The first one is about sourcing goods and services locally. Companies should make it their policy to engage local companies and local people in this regard. 

 There are services which can be sourced locally, there is no need of importing them from abroad. This is the best way to promote local empowerment and an excellent way of promoting socio-economic growth in the economy of the area and the country.

This way, the company is integrating itself in the socio-economic life of the people by creating jobs and incomes. It engenders, what economists call backward and forward linkages. This will make the people strongly feel a sense of ownership and an obligation to protect the investment.

 But if such things are absent people will have no stake in operations of the company. As a result, they may care less about the presence, survival and progress of the company. They may even turn hostile. May I make a humble appeal to all companies in different sectors to take this matter seriously.

The other thing I would like to mention with regard to CSR policies is the relationship between large companies and small companies and local people engaged in the same industry. It is incumbent upon large companies to realise that assisting local players to make progress is in their best interest.

Big companies should use their economic strength and technological capacity to help small players improve their operating systems, increase productivity, production and improve their affairs in general. 

 I believe, it will reduce jealousies, minimise friction, avoid unnecessary hostility and increase friendship and cooperation. Take the case of artisanal mining activities in the vicinity of large mining operations in Tanzania.

 If the latter assists the former and treat each other as partners, instead of competitors or contenders, it will very much improve relations between the two players who need each other. It will clear undue misunderstanding and remove the mistrust and resentment. Attitudes of hostility, threats and violence can easily be avoided. In the end everybody benefits.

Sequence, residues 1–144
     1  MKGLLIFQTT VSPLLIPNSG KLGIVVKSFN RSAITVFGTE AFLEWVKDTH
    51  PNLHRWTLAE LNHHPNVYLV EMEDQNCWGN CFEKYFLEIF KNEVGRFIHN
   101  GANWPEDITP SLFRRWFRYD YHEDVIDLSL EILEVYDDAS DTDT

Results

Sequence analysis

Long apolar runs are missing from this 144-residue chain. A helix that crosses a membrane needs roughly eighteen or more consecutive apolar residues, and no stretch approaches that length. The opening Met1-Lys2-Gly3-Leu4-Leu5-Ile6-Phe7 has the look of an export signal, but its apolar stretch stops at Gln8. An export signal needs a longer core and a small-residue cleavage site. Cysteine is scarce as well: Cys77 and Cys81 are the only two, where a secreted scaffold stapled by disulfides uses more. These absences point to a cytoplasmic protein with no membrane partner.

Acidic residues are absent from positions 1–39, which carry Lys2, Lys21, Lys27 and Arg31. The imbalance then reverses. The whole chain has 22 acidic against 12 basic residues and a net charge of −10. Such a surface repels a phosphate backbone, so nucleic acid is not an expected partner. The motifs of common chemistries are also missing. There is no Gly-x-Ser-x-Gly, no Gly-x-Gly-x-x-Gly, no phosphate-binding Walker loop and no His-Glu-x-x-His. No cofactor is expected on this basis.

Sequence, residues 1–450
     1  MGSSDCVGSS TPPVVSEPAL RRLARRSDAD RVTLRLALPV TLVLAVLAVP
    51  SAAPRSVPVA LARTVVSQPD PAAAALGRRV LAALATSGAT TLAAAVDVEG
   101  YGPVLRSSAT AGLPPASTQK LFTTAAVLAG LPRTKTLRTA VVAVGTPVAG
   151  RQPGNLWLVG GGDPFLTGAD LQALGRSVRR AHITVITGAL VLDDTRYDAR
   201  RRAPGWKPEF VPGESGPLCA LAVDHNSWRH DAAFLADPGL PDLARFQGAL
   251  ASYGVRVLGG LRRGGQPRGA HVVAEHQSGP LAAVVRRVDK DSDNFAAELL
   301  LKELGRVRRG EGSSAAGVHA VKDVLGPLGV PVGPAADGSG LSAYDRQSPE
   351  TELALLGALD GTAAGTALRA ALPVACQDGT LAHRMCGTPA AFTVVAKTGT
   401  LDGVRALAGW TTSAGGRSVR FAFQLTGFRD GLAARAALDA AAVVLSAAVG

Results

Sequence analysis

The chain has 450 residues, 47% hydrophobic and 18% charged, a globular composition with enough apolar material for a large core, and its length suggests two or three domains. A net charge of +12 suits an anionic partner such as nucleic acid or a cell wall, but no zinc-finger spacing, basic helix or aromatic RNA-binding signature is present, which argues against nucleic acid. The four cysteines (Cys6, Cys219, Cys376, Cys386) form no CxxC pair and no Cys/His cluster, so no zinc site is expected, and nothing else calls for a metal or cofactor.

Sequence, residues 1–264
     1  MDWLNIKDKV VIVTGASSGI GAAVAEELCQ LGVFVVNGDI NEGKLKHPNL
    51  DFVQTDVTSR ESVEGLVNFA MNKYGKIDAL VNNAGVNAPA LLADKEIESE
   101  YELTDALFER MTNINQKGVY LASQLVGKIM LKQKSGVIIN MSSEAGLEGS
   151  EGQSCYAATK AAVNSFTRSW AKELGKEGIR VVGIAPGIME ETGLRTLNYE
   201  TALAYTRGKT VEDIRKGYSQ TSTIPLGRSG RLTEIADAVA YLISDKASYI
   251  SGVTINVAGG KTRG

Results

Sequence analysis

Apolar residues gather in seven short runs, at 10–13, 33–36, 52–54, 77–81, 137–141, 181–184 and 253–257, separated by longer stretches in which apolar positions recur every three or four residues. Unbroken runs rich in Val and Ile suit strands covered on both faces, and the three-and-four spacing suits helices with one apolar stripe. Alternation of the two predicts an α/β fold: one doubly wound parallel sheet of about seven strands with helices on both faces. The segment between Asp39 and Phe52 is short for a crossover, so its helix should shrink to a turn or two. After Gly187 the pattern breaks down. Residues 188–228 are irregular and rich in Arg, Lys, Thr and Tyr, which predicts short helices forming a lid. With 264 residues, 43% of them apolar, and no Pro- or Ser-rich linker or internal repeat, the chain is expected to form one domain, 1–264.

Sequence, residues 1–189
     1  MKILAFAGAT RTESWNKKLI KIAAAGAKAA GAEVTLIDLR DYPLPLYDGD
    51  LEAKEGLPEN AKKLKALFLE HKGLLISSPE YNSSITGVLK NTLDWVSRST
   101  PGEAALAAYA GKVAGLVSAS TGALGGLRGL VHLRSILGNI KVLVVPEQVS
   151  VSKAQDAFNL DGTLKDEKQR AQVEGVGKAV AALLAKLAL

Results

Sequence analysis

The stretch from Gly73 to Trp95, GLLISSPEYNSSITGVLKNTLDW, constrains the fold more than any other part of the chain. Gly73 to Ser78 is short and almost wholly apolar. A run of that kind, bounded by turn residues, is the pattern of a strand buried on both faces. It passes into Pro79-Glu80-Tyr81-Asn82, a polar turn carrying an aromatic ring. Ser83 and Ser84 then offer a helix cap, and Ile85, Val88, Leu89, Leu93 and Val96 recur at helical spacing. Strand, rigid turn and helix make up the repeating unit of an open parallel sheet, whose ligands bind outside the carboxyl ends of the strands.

Ladies and Gentlemen;
The extractive industry can emulate the good practice of out-growers scheme around sugar plantations and sugar factories in Tanzania.

 In those cases, the large company supports small scale farmers, as out-growers, in several ways including provision of important services such as extension services, seedlings, technical know-how and market for their sugar cane.

 I think this is a good model to look into. It enhances local productive capacity and ensures sustainability of income to farmers. May this Award inspire companies in the extractive industry to emulate this example and strive to do what is possible to assist the local small scale investors grow and promote long-term economic and social sustainability.

Ladies and Gentlemen;
We in government consider CSR and Empowerment in the extractive industry very important indeed. By their very nature, most of the operations in extractive industry are not renewable. They get depleted as extraction continues. 

 As such if there are no proper arrangements for tangible benefits to the communities where the operations are located, they could easily become a source of discontent and resentment. When the resources are completely exhausted and operations are stopped, the questions people would hasten to ask is about how did they benefit? 

The centrality of having mechanisms whereby communities and the country benefits even at the end of the life of the operations, therefore, need no emphasis.

We would like to see when such eventuality comes, everybody says we have benefited. Contrary to that may create apprehensions and even resentment of large investors in the extractive industry especially when they are foreign based. I believe, this is doable. Let us heed the old adage “where there is will there is a way”. Let us gunner the will to do it for our sake.

Honourable Minister;
Distinguished Guests;
Ladies and Gentlemen;
Before I conclude, let me, once again, sincerely thank the Mining Inter stakeholders’ Forum (MISF) and the Ministry of Energy and Minerals for conceiving the idea and introducing the CSRE Presidential Award in Tanzania. We are a little bit late, but it is better late than never.

I am confident the Award will stimulate and encourage the extractive companies to take interest in the communities around them and deliver on corporate social responsibility and empowerment.
 I invite business leaders here tonight to heed this our call and rise to the challenge.

With these many words, I now announce that the Corporate Social Responsibilities and Empowerment Presidential Award on Extractive Industry is officially launched.
Thank you for your kind attention!